Louisiana Senate Candidate Unveils Ad in Which He Smokes Marijuana While Pushing for Legalization

·3 min read

A U.S. Senate candidate in Louisiana lit up the internet this week, unveiling an ad on Tuesday in which he advocates for the legalization of marijuana — while smoking a joint.

The ad shows Gary Chambers, a Democrat, sitting in an armchair in the middle of a field and clad in a blue suit.

"Every 37 seconds, someone is arrested for possession of marijuana," Chambers says in a voice-over, while he can be seen lighting a joint. "Since 2010, state and local police have arrested an estimated 7.3 million Americans for violating marijuana laws — over half of all drug arrests.

Chambers continues: "Black people are four times more likely to be arrested for marijuana laws than white people. States waste $3.7 billion enforcing marijuana laws every year. Most of the people police are arrested aren't dealers but rather people with small amounts of pot — just like me."

In a statement accompanying the video on Twitter, Chambers said he hoped the ad would destigmatize marijuana use and create a conversation around its legalization, one "that creates the pathway to legalize this beneficial drug, and forgive those who were arrested due to outdated ideology."

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Chambers is a self-described entrepreneur and the "co-founder of the media outlet The Rouge Collection," according to his campaign website.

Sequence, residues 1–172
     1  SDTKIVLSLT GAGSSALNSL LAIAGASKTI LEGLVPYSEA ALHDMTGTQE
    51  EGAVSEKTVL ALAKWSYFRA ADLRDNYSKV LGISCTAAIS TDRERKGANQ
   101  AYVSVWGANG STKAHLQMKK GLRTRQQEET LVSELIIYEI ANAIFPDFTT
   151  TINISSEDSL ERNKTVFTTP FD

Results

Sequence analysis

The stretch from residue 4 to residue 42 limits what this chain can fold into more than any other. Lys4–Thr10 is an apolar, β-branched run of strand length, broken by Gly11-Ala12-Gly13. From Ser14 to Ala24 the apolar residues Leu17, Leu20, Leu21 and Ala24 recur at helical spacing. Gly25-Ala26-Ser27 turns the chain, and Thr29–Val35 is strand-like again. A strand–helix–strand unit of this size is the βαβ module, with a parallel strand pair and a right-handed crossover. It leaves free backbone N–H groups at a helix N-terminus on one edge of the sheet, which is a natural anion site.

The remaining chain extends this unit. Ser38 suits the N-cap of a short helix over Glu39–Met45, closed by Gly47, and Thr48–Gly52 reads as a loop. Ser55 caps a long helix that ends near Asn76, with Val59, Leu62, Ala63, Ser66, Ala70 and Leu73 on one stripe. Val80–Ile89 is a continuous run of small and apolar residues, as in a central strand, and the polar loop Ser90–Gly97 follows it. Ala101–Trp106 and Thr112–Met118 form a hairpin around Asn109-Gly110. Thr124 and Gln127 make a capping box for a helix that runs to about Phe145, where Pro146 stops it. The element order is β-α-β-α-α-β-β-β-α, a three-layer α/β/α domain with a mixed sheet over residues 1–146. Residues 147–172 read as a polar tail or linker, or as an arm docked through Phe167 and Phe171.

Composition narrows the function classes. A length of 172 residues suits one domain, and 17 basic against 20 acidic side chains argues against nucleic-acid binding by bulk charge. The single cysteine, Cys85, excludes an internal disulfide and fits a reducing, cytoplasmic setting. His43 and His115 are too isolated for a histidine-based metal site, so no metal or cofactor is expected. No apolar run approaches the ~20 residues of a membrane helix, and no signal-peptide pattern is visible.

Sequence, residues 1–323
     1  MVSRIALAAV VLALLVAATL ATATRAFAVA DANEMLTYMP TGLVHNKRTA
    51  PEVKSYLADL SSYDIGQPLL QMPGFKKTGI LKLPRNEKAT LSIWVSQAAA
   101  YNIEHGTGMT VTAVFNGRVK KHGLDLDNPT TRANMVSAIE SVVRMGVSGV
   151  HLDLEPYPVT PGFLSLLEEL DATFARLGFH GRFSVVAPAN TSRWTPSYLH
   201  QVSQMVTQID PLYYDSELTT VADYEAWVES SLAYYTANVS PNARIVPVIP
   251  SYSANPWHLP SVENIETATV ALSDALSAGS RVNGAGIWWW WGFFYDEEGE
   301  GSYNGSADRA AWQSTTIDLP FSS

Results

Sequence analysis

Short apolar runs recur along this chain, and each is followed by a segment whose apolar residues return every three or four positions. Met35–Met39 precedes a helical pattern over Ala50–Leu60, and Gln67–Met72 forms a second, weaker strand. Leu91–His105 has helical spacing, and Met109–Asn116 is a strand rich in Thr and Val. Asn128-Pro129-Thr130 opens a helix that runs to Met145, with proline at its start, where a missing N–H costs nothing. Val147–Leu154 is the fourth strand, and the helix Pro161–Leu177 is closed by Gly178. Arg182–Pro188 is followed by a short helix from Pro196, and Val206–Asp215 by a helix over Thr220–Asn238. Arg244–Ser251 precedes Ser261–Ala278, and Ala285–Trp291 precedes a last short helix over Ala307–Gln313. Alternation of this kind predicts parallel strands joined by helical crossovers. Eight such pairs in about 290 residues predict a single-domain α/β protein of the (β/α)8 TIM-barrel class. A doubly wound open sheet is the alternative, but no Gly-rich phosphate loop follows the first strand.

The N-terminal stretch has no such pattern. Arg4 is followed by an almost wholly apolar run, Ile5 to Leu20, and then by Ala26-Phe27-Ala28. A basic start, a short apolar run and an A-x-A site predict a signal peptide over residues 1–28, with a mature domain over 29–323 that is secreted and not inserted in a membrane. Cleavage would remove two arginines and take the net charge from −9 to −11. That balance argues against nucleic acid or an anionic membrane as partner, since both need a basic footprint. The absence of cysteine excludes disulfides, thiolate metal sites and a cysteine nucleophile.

He is seeking to unseat Republican Sen. John Kennedy, 70, who announced his own reelection campaign last year by posting a video in which he said he would "rather drink weed-killer" than let his supporters down.

'Five years ago, I made a promise, a promise that I took seriously. I told you that I would work to put our country back on track and make America great again," Kennedy said then. "In the last five years, we've accomplished a lot, but now the socialists are racing to undo it all."

Eighteen states have passed bills legalizing the recreational use of marijuana in recent years, and bills to do so have also been introduced in Congress. The use of cannabis for medical purposes is currently legal in at least 36 states.

Rolling Stone reported that every cannabis-related ballot measure on the ballot in states passed in November 2020 — including those in conservative regions of the country.

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Efforts to decriminalize marijuana on a federal level, however, have stalled amid skepticism from the Biden administration and others.

As more states continue to move toward legalization, studies show that public perception is largely in favor.

According to date from the Pew Research Center, roughly 60% of U.S. adults say marijuana should be legal for medical and recreational use, while 30% say it should be legal for medical use only. Pew reports that "wide majorities of Republicans in all age groups favor legalizing marijuana for medical use," and "majorities of Democrats and Democratic leaners across all age groups support legalizing marijuana for medical and recreational use."